(Facts & Faith, Third Quarter 1996)
We have been deluged with this question since the NASA press release on the 6th of August. Here is Hugh Ross' preliminary response to the NASA study that gives possible evidence for life on Mars. As more data is available for analysis we will provide a more thorough article.
While my family and I vacationed at Lake Powell, NASA announced the discovery of what "might be" the remains of ancient life on Mars. If you have read The Creator and the Cosmos (either edition) or back issues of Facts & Faith, 1-2 you were prepared for this announcement and for the sensation it stirred in the news media. RTB’s office and hotline received a deluge of calls, including some from major television networks. Because I was away, I missed the chance to give an immediate public response, but my staff passed along the word that this discovery--if it really was that--had been anticipated for years and in no way enhanced the credibility of life's spontaneous origin, nor did it dent the case for divine creation.
A team of NASA and Stanford University planetary scientists announced a set of "possible" evidences for the remains of life in a meteorite (discovered recently in Antarctica) from Mars. Headlined as "signs of ancient life on Mars,"3 the findings stirred UCLA astronomer David Paige to declare them among "the most spectacular scientific discoveries since humans first gazed skyward."3
Not all scientists shared his exuberant but premature conclusion. Even science fiction writer Ray Bradbury commented, "It’s ridiculous. They don’t have any proof."4
At the time I write, the peer-reviewed report in Science is still on the presses. August 16 is the anticipated release date. I will respond more fully after I have studied that report, but for now I can offer a few preliminary comments.
First, the evidences seem highly speculative. Microscopic spheres and cylinders comprise the "fossil-like structures" found in the meteorite. They roughly resemble the shape and size of some bacteria existing on Earth, but several non-organic processes also produce such structures in rocks. Further, the chemicals touted as "organic molecules"5 found in the vicinity of these structures may not be organic at all. The list appears impressive--"carbonate globules, magnetite, iron sulphide, and polycyclic aromatic hydrocarbons"6--but the carbonate globules are merely calcium carbonate and magnesium carbonate which, along with magnetite and iron sulphide, are generated in large quantities on Earth by both inorganic and organic processes. Polycyclic aromatic hydrocarbons most often result from inorganic processes, such as contact between carbon (even tiny amounts) and a heat source (no hotter than a barbeque or campfire). These hydrocarbons exist in virtually every gas cloud in our galaxy.
Second, and contrary to Fuller Seminary professor Nancey Murphy’s expressed opinion on television, the discovery of life's remains either on or from Mars would not disturb a literal interpretation of the Bible. For more than a decade scientists have known that large quantities of Earth-life, some even with the potential to germinate, are transported to Mars by the solar wind and meteorites.7 These transports have been moving life or life’s remains from Earth to Mars for at least the past four billion years (a time frame that encompasses the 3.6- to 4.0-billion-year age estimate for the Martian meteorite8). As I’ve stated before, we can reasonably expect scientists to find life or life remains either on Mars or on material from Mars. Such a discovery would not prove that life spontaneously generates under natural conditions. Rather, it would testify to how well God designed life to survive environmental rigors. And, since conditions on Mars some 3 to 4 billion years ago were more favorable for life and for the formation and preservation of fossils, we should expect that the best chance to find life remains will lie in Mars’ most ancient rocks.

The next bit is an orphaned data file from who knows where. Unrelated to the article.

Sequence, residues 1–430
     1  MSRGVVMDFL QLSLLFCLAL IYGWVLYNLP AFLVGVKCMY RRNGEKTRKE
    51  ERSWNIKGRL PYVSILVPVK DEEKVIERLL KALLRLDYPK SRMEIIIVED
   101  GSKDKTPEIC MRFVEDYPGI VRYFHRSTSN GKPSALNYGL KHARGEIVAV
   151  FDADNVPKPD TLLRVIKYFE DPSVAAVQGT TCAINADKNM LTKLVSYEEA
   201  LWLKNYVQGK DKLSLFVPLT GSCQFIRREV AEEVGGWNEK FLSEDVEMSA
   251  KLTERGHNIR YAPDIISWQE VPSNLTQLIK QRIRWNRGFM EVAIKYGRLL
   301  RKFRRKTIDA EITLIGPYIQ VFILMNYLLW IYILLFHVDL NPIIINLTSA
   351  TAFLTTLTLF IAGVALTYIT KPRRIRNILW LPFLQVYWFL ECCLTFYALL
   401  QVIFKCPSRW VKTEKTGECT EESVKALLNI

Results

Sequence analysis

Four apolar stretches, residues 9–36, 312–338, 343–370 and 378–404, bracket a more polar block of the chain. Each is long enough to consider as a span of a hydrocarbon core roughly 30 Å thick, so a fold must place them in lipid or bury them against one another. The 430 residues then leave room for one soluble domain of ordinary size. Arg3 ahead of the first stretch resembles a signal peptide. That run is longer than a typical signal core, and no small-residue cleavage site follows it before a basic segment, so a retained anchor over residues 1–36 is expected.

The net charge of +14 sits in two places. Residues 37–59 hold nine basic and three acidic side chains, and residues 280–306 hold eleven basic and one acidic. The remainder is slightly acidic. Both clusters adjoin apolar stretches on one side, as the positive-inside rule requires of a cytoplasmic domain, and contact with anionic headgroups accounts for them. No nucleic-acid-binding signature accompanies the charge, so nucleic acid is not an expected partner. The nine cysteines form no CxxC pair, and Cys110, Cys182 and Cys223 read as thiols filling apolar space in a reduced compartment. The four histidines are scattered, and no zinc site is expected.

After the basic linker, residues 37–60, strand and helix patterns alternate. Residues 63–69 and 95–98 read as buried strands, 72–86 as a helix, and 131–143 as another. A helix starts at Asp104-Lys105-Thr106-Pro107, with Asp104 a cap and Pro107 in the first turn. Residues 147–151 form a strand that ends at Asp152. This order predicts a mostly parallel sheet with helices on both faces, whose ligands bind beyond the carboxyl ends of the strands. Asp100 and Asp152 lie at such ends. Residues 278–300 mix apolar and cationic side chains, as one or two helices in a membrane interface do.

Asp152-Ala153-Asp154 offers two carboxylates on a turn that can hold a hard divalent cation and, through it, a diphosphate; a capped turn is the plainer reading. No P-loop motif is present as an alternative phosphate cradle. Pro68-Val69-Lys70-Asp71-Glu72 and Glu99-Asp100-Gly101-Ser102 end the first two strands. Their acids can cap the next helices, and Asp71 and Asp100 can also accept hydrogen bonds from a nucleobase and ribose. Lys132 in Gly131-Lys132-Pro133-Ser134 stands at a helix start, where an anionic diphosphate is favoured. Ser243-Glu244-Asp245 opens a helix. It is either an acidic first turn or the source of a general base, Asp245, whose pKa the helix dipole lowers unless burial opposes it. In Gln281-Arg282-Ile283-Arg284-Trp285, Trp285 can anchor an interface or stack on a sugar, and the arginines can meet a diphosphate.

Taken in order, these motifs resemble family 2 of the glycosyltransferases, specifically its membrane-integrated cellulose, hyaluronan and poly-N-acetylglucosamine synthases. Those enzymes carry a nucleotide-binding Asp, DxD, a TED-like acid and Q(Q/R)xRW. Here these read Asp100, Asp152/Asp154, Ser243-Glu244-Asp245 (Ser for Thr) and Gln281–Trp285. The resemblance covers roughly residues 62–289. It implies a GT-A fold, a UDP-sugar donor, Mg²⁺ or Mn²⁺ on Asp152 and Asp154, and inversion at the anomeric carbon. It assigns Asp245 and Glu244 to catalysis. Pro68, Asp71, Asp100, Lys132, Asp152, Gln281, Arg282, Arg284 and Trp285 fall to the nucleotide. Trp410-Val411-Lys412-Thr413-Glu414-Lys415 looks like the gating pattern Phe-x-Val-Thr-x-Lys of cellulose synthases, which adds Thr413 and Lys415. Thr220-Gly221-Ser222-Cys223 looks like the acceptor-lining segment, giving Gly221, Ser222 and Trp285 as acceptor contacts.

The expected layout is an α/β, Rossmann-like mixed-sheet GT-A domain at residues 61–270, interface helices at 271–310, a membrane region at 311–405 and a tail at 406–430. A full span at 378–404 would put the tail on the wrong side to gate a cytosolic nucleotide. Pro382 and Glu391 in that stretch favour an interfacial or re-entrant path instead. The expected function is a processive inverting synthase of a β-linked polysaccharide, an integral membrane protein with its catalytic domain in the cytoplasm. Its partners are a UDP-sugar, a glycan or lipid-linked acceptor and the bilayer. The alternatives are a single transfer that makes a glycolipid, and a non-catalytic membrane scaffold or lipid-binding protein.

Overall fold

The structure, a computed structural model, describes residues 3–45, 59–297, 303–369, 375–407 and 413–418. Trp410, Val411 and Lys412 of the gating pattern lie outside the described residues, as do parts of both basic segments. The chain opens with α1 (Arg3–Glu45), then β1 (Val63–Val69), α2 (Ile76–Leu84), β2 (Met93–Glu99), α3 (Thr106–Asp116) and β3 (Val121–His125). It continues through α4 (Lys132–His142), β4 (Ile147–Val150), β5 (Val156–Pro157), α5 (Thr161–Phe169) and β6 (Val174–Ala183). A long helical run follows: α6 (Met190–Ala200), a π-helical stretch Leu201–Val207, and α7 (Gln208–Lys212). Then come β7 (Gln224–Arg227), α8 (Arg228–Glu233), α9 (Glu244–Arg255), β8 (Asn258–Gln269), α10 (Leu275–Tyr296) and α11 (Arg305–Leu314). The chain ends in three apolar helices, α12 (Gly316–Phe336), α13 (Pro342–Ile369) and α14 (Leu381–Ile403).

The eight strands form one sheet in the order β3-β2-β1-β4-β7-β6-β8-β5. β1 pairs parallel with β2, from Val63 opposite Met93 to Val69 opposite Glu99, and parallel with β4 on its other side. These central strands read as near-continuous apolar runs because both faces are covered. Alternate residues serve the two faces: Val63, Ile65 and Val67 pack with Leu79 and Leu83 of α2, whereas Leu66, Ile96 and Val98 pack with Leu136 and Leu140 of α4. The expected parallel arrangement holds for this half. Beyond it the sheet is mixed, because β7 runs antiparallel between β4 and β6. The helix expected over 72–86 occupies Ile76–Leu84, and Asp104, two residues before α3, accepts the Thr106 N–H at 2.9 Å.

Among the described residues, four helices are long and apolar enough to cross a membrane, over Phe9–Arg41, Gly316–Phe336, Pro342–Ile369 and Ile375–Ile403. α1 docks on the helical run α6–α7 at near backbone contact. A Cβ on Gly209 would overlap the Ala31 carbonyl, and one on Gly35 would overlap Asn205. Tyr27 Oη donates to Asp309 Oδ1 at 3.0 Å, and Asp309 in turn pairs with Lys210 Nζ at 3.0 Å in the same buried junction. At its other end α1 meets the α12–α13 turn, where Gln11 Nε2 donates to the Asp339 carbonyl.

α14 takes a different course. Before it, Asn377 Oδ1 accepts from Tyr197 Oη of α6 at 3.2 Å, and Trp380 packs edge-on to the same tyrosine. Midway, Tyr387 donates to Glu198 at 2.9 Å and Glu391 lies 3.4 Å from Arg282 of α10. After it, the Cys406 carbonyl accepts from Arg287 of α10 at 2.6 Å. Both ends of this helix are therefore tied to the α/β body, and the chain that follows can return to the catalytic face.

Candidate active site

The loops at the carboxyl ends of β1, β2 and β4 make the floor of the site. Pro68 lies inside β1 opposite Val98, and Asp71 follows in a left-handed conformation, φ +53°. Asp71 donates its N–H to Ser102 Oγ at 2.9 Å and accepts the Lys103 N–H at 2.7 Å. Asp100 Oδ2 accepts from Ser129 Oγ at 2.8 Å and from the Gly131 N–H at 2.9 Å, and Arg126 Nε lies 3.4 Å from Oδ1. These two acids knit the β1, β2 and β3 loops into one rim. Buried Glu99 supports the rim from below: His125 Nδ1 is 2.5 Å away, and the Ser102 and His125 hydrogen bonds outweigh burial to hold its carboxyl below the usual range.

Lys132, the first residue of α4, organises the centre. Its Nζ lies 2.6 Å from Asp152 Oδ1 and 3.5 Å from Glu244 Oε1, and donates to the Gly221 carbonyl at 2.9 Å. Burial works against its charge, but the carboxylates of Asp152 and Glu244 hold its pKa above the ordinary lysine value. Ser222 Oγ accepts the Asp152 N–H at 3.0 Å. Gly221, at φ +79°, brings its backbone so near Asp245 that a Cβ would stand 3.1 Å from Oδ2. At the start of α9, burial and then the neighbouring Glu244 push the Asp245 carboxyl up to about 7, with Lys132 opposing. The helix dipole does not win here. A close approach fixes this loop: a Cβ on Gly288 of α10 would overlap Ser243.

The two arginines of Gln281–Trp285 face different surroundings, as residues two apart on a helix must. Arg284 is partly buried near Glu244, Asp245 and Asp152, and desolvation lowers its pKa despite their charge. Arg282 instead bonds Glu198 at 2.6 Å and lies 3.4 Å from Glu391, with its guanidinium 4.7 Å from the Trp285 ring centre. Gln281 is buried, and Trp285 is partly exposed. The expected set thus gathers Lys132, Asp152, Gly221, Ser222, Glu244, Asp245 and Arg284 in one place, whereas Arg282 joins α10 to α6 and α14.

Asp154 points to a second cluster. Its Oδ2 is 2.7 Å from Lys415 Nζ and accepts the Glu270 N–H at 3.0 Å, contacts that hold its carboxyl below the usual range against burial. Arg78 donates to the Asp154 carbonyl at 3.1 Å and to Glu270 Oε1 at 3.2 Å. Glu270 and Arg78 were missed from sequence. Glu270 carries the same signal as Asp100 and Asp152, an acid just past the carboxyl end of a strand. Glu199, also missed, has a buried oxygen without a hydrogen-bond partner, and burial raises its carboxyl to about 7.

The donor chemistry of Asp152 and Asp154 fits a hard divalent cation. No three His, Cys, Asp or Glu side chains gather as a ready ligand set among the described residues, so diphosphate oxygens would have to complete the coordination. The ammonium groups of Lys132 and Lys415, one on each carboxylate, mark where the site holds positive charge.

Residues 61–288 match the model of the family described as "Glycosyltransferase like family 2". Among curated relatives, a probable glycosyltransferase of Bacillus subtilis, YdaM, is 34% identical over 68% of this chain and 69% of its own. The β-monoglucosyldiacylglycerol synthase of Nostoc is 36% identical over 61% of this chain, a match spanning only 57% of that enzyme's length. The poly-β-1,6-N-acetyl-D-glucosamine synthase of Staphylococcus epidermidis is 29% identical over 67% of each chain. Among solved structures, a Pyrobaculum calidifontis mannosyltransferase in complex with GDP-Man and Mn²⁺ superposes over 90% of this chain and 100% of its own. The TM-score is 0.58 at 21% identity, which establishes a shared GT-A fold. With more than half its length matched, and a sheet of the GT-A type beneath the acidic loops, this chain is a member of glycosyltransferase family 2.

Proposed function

My third observation has less to do with the discovery than with the timing of its announcement. NASA’s budget has again come up for congressional consideration, and as NASA officials admit, this "discovery" has sparked more public support for NASA than anything since our astronauts’ first moon walk. One of the newspaper headlines read, "NASA Vows All-Out Study of Mars Findings."9 Such a study would of course mean multi-billion dollar explorations of Mars’ surface. While I see much to be gained from greater understanding of Martian geology, for instance, I see the potential for waste if attention is riveted on this life-origin issue. A safer and much more cost-effective way to search for life-s remains on Mars would be to look for additional Martian meteorites in Antarctica and elsewhere on Earth. Well established solar system models suggests that several in addition to the dozen already identified should be here for the finding.
- Hugh Ross, "Life on Mars as Proof of Evolution?" Facts & Faith, 2:3 (1988), pp.1-2.
- Hugh Ross, "Life on Mars Revisited," Facts & Faith, 3:2 (1989), p.2.
- K.C. Cole, "Could There Be Life There? Rock May Bear Signs of Ancient Life on Mars." Los Angeles Times, Aug. 7, 1996. A1.
- David Ferrell and Paul Feldman, "An Otherworldly Debate," Los Angeles Times, Aug. 8, 1996, p.B1.
- Robert Nemiroff and Jerry Bonnell, "An Ancient Martian?" Astronomy Picture of the Day, World Wide Web, Aug. 8, 1996, p.1.
- Thomas Maugh II, "Martian Meteorite Offers Scientists a Chemical Puzzle," Los Angeles Times, August 8, 1996, p.B2.
- Hugh Ross, The Creator and the Cosmos, second edition (Colorado Springs, CO: NavPress, 1995), pp. 154-155.
- James Hartsfield and David Salsbury, "Meteorite Yields Evidence of Primitive Life on Early Mars," NASA News, World Wide Web, Aug. 7, 1996, p.1.
- K.C. Cole, "Signs of Life: NASA Vows All-Out Study of Mars Findings," Los Angeles Times, Aug. 8, 1996, p.A1.